Biomass energy in sub-Saharan Africa

Hall, David O and Scrase, J Ivan (2005) Biomass energy in sub-Saharan Africa. In: Low, Pak Sum (ed.) Climate Change and Africa. Cambridge University Press, pp. 107-112. ISBN 0-521-83634-4

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In sub-Saharan Africa available evidence suggests that biomass use for energy has increased roughly in proportion to population growth. With urbanization the biomass energy sector is becoming more commercialized, and consumption of charcoal is increasing (which leads to higher biomass consumption, given the low conversion efficiencies in most charcoal production). Localized fuel scarcity and resource degradation has occurred, but biomass scarcity has been exaggerated in the past in macro-level studies, which overlooked many non-forest sources of biomass fuel. National studies of biomass availability and use in Kenya, Zimbabwe, Sierra Leone, Botswana, Rwanda, South Africa and Uganda indicate that large unused biomass resources exist, and that scarcity often leads to more efficient use and fuel-switching to other forms of biomass rather than to fossil fuels. Consumption of biomass energy in sub-Saharan Africa is not expected to fall in the near future. Therefore there is an urgent need for recognition of the opportunities and problems which dependence on biomass energy represents. The resource is large and potentially sustainable, but biomass use creates health problems and can cause environmental degradation. National and regional energy planning and policies must take into account the importance of biomass energy supply and use, and seek to modernize the sector so that problems can be minimized.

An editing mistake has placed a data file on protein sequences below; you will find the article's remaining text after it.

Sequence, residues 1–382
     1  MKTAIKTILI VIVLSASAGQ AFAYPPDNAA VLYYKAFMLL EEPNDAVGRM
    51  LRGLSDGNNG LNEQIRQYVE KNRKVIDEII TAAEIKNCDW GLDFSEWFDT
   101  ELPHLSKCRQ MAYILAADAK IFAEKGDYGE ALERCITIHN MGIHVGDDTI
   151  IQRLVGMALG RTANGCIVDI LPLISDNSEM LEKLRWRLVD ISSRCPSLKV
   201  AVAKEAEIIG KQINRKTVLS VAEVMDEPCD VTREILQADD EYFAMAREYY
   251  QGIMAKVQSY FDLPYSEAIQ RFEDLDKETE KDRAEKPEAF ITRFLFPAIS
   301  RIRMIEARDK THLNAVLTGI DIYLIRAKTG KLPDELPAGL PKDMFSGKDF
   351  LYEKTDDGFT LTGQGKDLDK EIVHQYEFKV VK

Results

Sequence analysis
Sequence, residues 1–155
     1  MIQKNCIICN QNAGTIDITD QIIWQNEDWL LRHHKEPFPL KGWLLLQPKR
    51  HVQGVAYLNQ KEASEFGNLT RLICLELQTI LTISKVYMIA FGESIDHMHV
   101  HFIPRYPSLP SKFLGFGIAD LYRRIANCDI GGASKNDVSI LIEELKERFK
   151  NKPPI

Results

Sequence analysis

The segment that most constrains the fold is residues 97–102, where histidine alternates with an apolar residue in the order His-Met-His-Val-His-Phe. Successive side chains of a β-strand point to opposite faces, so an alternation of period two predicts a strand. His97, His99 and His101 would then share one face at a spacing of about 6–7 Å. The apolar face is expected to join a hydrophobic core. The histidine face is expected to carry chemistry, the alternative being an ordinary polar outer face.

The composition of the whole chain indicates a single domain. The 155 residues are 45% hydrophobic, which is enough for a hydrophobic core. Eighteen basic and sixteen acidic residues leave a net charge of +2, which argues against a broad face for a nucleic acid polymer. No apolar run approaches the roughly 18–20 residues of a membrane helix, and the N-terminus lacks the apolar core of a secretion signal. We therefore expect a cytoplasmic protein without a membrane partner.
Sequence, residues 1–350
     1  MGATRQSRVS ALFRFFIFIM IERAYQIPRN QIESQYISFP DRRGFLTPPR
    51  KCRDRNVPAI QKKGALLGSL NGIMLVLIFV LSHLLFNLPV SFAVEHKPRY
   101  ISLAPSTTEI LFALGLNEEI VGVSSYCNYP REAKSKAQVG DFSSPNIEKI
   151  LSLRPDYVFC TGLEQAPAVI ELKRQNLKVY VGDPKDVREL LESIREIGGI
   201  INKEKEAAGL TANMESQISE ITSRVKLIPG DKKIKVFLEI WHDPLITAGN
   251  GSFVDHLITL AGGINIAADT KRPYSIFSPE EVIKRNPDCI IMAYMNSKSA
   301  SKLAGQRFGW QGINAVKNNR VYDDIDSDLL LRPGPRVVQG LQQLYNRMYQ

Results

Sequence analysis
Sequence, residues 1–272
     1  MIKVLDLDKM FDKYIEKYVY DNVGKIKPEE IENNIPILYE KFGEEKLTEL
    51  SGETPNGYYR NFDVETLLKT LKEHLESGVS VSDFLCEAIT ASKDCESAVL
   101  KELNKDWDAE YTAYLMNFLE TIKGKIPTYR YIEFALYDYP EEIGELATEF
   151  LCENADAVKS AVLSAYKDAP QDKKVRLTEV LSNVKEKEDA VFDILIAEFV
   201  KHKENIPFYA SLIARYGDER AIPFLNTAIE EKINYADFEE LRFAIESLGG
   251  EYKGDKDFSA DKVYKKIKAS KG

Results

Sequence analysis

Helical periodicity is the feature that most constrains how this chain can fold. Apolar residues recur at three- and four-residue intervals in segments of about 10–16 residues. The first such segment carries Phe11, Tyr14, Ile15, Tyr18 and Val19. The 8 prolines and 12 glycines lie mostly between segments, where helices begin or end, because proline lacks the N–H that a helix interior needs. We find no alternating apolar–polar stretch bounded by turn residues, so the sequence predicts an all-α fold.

Item Type: Book Section
Schools and Departments: University of Sussex Business School > SPRU - Science Policy Research Unit
Depositing User: Ivan James Scrase
Date Deposited: 06 Feb 2012 20:05
Last Modified: 30 Nov 2012 17:05
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